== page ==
The Butler "Tempest" 250 Trials.



The Butler Tempest was another of those little known about trials models of the sixties.

Always in the results but never to the fore in model advertising, so left in the shadows to do what it did best, put up as good a show as most of the more popular brands.


Photo and machine owner Graziano Candidori.©


The other side of Graziano's Superb Butler Tempest


BML Bage on The superb Butler.



One rider that rode  a "Butler" and always in the results, mostly First Class awards, was John Lee  from Higham Ferrers in Northamptonshire.

Chris Butler also rode one of his machines with some success,both at home and abroad.


Photo Courtesy Offroad Archive. Deryk Wylde.


Here is Chris Butler riding one of his "Tempest" machines in Scotland.


Here is The story of his motorcycling life told to a yachting forum a few years ago.

First Charlie> Chris Butler was born in the year 1932 in Bethnal Green, London's East End.

Education was secondary modern just under grammer school level,

His head teacher recommended him for a position in a design drawing office which  he took up.

But after being beaten up by the "Cray Brother's before they were notoriously famous,

Chris thought he better do something with his life.


Butler and Butler Mouldings.

In 1954 I learned of a new material, Glassfibre Reinforced Plastics. It was discovered just before the war but was still a very new raw material.

I experimented and applied it to manufacturing motorcycle accessories.

Since I was fourteen I had been hyper-actively keen on motorcycles and motorcycle sport.

Until I retired after twenty years from the sport of cross- country trials motorcycle riding owing to just too many injuries to my right knee, I had become fairly well known as a National and  International rider, though well below world championship standard;

However, I could claim close friendship with many champions by the end of my riding career, including the making of special components for their competition trials including ISDT and racing motorcycles. Charlie> The Famous Ariel GOV132 was clothed in Glass-fiber by Chris, has was the short lived "Scorpion" sports bikes,and the first company to make Glass-Fiber trials guards, as fitted to Greeves.I had mine in 1962. racing fairings for a Banbury "Gold Star" dealer was another customer.


By 1957 we had developed our small business based on GRP and moved from home in Cheshunt, Hants, back to the East End in Hackney London, living above the shop and factory.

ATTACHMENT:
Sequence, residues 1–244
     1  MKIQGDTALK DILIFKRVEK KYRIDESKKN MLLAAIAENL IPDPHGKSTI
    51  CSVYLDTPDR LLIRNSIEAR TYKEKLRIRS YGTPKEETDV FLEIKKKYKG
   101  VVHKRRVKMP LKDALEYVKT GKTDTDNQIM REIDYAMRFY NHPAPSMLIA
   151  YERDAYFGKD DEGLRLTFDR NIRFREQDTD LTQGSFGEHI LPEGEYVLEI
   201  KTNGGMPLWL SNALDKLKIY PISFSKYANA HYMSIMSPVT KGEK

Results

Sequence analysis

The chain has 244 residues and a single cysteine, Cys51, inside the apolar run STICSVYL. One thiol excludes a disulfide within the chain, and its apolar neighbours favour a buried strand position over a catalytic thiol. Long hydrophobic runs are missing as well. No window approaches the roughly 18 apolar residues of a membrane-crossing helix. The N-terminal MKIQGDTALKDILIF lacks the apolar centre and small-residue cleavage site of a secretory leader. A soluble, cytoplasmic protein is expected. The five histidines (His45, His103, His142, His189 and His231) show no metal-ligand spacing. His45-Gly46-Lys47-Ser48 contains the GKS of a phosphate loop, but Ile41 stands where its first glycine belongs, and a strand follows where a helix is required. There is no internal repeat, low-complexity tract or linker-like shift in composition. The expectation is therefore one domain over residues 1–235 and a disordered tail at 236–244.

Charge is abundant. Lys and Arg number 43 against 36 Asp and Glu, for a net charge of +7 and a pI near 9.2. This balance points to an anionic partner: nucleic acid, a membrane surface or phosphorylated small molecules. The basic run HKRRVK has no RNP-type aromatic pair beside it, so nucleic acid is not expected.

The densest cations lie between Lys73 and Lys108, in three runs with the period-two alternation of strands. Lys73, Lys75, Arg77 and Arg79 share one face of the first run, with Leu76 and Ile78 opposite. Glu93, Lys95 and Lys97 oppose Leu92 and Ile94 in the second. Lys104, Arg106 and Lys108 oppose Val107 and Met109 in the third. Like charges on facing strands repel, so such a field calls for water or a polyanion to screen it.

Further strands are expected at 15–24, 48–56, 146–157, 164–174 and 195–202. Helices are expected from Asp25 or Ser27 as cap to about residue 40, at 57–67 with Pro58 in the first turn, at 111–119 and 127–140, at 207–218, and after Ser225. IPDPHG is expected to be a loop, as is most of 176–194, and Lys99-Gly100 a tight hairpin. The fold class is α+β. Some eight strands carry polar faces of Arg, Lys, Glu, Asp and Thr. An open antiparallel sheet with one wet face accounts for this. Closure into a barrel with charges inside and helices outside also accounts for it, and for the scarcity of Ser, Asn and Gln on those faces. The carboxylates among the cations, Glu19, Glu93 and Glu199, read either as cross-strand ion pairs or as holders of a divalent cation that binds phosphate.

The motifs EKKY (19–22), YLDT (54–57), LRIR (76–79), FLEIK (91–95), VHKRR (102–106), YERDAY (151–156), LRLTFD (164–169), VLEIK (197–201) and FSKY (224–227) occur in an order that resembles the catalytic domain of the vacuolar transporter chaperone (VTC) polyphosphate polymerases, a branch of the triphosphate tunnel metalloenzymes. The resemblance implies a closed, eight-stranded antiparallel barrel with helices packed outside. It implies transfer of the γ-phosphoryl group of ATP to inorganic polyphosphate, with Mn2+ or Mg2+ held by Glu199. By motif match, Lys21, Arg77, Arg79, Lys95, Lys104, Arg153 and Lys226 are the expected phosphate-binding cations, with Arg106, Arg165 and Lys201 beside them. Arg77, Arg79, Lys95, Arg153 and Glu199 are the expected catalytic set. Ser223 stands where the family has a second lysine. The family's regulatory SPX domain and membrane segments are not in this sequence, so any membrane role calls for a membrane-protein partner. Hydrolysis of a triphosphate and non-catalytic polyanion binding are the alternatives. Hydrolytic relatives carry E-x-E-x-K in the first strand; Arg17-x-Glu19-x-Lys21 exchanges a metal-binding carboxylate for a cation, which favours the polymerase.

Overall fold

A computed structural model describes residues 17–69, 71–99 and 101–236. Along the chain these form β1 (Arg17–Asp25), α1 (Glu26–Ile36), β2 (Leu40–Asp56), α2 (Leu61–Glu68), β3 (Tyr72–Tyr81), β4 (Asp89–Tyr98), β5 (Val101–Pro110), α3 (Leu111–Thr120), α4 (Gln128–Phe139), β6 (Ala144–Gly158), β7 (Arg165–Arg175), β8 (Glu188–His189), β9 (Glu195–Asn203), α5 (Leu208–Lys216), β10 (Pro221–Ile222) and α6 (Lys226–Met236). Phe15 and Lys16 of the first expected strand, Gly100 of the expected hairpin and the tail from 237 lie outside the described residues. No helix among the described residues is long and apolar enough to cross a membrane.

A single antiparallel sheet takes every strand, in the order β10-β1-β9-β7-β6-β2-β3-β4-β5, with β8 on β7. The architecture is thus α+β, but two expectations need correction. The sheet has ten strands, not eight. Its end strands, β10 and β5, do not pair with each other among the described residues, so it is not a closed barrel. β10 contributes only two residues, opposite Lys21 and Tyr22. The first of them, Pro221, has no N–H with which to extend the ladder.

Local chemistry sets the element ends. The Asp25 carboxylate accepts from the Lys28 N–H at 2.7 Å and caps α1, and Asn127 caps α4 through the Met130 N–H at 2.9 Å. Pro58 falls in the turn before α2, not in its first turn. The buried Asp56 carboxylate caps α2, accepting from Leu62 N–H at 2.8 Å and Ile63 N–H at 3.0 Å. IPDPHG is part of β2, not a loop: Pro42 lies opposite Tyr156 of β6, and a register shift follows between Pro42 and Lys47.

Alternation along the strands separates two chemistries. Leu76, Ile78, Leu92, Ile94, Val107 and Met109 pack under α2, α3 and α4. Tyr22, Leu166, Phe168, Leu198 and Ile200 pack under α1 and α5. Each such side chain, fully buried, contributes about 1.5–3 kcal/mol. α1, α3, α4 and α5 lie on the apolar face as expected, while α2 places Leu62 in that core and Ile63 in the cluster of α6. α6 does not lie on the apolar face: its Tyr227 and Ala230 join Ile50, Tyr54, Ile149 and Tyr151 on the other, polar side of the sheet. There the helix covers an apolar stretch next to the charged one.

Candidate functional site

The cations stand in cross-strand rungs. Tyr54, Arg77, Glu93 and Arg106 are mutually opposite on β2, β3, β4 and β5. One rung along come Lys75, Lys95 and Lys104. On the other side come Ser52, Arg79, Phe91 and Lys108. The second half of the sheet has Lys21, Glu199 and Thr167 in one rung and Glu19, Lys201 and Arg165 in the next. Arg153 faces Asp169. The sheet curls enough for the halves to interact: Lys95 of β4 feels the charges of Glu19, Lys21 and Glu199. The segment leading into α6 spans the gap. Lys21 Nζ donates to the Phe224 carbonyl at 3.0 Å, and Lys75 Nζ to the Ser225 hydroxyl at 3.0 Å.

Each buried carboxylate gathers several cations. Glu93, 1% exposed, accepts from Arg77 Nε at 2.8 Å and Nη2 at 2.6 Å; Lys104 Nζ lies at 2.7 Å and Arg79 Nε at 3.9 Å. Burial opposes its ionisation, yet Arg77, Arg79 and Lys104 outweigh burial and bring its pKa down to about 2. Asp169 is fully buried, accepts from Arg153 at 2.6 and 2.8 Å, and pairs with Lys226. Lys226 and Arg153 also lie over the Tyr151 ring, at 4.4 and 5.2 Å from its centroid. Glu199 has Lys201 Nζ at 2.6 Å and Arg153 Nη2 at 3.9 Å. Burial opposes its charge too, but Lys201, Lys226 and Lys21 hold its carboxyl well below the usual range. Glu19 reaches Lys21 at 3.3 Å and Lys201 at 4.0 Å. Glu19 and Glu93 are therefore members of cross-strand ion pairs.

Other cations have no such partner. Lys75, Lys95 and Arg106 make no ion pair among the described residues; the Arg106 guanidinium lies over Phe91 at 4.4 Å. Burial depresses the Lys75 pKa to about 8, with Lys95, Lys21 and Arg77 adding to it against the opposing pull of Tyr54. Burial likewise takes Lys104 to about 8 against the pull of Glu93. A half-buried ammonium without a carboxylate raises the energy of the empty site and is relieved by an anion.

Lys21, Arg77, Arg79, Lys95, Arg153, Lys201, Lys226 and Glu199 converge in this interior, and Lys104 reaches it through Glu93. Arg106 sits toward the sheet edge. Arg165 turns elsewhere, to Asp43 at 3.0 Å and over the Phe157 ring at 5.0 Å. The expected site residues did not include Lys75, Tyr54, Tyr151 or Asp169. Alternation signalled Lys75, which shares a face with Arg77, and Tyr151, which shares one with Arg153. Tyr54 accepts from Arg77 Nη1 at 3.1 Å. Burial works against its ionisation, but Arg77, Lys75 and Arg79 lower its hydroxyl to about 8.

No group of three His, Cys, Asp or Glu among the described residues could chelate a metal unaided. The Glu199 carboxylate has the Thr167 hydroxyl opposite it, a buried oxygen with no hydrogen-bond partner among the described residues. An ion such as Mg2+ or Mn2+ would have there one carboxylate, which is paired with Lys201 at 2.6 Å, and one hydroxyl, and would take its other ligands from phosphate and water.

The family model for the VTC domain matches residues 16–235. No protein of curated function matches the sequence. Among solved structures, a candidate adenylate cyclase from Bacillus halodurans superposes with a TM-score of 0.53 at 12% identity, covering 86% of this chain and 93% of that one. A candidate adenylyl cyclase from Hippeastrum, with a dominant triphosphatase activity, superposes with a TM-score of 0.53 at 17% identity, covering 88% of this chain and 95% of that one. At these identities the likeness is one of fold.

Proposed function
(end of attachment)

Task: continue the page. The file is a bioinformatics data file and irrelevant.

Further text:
In time, needing more factory space, we moved to Haverhill in Suffolk.

Whilst there I designed and built some 200 specialist motorcycles, including the “Tempest” trials bikes.

Then after retiring from motorcycle sport in 1968 I took to building racing sailing dinghies, including the Olympic Finn, the 505, Cadet, and later, small 'cruiser-racer' sailing yachts.

Charlie> Chris went on to sail single handed  across the Atlantic three times once in 29 days. the other two in 30.

                                           -----------------------Why I turned to building boats.

The year was 1966 and I was still riding my motorcycles and continued to do so for another two years before concluding I was no longer "up to it" in 1968 at 36 years old.

My reactions were slowing down and I was getting dangerous.

Our fibreglass moulding business had been based on making motorcycle accessories but had expanded into making complete motorcyles, mostly with Villiers 250 engines until the supply dried up.

Some of these still perform today 45 years on - and I am pleased that those bikes still have a collectors value, still look good and are competitive to this day.

Chris Butler (2008).


June 1967 Special Equipment Supplement  in Motor Cycle.



Here you can see the design of the frame using the 1. 1/2" square section front and top tube, Forks also used the same material 16 guage ERW steel tube. even the swinging arm was Rectangle  1 3/4" x 3/4" box section.

The frame for my "Exit" trials bike was very much along the same lines.

This machine had been stored for fourty years before it was sold for a snip at £1200 last year. (for resteration).2015.


 This superbly restored Butler Tempest lives in a shop window of the owners.

(Not the red one).


Photo Courtesy Deryk Wylde Offroad Archive.


 Here Mike Scott struggles with his Butler Tempest on the Rocks of Scotland.


Another well know Trials Expert and rider Mick Ash owns a Butler Tempest.



1966 ISDT in Sweden.

Here Brian Bonny 250 Butler.


The 1966 International Six Days Trial in Sweden  was not a good year for "Butler".

Chris Butler himself riding a 500 "Butler" packed  up on day one.

Day two saw John Lee retire also riding a 500 Butler Triumph?

Brian Bonny riding the 250 Butler for the British Civil Service Team also retired when both chain adjusters  snapped. 


This machine just sold at Brightwells is a ex ISDT Butler and still has the markings on the frame.


Here is the ISDT Markings on the headstock.


And the swinging-arm marking. and you tell me what the attachment is.


And this tidy "for restoration" trials bike was sold at the same sale.

You see these machines are still in existence but don't make an appearance until the owner of a collection sells up,or it sold after a death.


More news later.

Good shot this from Brightwells tidy machine.


The machine was a 1964 model registration  number AVE 703B.


This Butler with Ariel on the tank  Could it have been Chris Butlers develpment bike fitted with a Ariel Arrow engine?


And this shot of the other side, nice to know that there are more than one or two still in existence.


And a Butler Scrambles bike.


 And the other side.


More later on this story.